population survey in 2019 found hihi numbers
                                                                to be the highest since they were first released
                                                                in 2009 and we have all our fingers and toes
                                                                crossed that the population will once again
                                                                show a positive trend in 2020.

   POPULATION SIZE
                   200

                   150
Number of adults

                   100
                                               +39

                   50                    +37
                                +79

                                      2009 - HIHI REINTRODUCED
                               2009            2011             2013           2015            2017                2019
                         Population estimate   Uncertainty estimate    Hihi released   Hihi translocated to another site   18
19
TE HAUTURU-O-TOI
BACKGROUND                                             NEWS
Located 80 km north-east of Auckland, Te
Hauturu-o-Toi or Little Barrier is described as        Over the past few years we have been
"the most intact ecosystem in New Zealand”.            undertaking research to learn how the islands’
Established as a nature reserve in 1895, it is         hihi population is structured. Its our largest and
considered to beone of the most important              only natural population, a remnant from a time
reserves of its kind in the world. Entry is strictly   when hihi were spread across the northern
by permit only.                                        half of the country. It is not fed nor provided
                                                       with nest boxes, however it is carefully guarded
The island is managed in partnership between           against invasion from non-native mammalian
Ngati Manuhiri and the Crown, by the Auckland          predators. For nearly a century this was the
region of the Department of Conservation.              only place in the world that the birds could be
Hauturu-o-Toi is an iconic site for Ngati              found. Our translocations from Te Hauturu-o-
Manuhiri and is of cultural, spiritual and historic    Toi have always sourced birds from one small
significance. The island’s name comes from its         corner of this island. This is due to the extreme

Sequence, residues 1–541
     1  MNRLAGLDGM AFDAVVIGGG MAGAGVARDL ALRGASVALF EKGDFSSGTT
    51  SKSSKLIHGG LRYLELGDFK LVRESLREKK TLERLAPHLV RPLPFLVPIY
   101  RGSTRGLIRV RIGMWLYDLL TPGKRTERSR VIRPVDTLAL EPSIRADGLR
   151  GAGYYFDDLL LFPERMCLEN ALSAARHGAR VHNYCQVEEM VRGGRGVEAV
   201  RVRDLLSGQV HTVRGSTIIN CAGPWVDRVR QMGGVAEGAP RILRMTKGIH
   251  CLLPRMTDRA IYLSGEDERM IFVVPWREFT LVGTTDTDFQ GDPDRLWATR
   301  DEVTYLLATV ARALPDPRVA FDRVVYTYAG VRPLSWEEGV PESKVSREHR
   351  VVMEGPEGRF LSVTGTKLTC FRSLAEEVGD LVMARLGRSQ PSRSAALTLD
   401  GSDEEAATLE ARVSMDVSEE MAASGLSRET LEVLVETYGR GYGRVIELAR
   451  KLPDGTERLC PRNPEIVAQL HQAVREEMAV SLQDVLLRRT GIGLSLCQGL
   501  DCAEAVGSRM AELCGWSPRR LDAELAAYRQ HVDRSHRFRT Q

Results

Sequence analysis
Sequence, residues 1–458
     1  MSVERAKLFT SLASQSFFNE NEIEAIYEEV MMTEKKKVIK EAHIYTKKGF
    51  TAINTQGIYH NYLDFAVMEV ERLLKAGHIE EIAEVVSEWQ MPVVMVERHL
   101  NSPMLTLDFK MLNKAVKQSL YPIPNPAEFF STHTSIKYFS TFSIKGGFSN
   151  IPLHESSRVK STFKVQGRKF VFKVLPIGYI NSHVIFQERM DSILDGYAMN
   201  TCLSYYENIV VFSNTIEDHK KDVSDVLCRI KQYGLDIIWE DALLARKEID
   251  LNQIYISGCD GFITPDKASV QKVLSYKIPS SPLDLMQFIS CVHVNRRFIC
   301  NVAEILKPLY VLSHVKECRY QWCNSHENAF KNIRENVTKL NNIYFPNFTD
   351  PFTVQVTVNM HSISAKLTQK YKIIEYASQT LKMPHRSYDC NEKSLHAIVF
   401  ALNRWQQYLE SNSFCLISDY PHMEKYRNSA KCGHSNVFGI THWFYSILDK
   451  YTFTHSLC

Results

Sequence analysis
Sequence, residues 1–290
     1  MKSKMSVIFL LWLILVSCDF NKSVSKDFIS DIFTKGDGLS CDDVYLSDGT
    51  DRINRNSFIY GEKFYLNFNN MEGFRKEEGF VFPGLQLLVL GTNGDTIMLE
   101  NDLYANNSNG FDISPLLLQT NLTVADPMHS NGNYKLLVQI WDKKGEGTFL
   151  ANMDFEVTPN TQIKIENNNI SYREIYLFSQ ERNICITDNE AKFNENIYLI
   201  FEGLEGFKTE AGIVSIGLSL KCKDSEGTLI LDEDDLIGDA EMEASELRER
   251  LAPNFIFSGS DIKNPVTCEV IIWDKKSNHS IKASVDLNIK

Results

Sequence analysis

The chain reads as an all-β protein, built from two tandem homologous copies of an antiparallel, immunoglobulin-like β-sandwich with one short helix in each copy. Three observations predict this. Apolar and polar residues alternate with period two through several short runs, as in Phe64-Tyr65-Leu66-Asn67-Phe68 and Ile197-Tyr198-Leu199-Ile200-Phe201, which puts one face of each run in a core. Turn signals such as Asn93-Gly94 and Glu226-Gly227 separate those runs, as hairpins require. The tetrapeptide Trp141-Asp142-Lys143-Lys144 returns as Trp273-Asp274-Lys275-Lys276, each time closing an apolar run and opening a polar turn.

highest point                                          difficulty of access across a rugged coast and
“the windblown summit of Toi”.                         the steep wild bush-clad country reached once
                                                       this coastal barrier is breached.
Te Hauturu-o-Toi's 3,083 hectare landmass
makes it one of New Zealand’s largest offshore         Work from Dr Alex Knight and a team
island reserves. It is home to a greater number        from the HRG and University of Auckland
of endangered birds than any other island in           successfully sampled hihi from across the
the country, two species of bat, an endemic            island and genetic analysis confirms it is one
giant weta, reptiles that include the northern         well mixed population. We can rest assured
tuatara, and over 400 species of native plants.        that periodic harvests of small numbers of
                                                       birds from the south-west corner has low risk
                                                       of compromising the population and that the
                                                       birds harvested contain the available diversity
                                                       of this most precious of hihi populations. The
                                                       work will shortly be submitted for peer review
                                                       and publication – watch out for future research
                                                       news.

                                                                                                      20
RESEARCH HIGHLIGHTS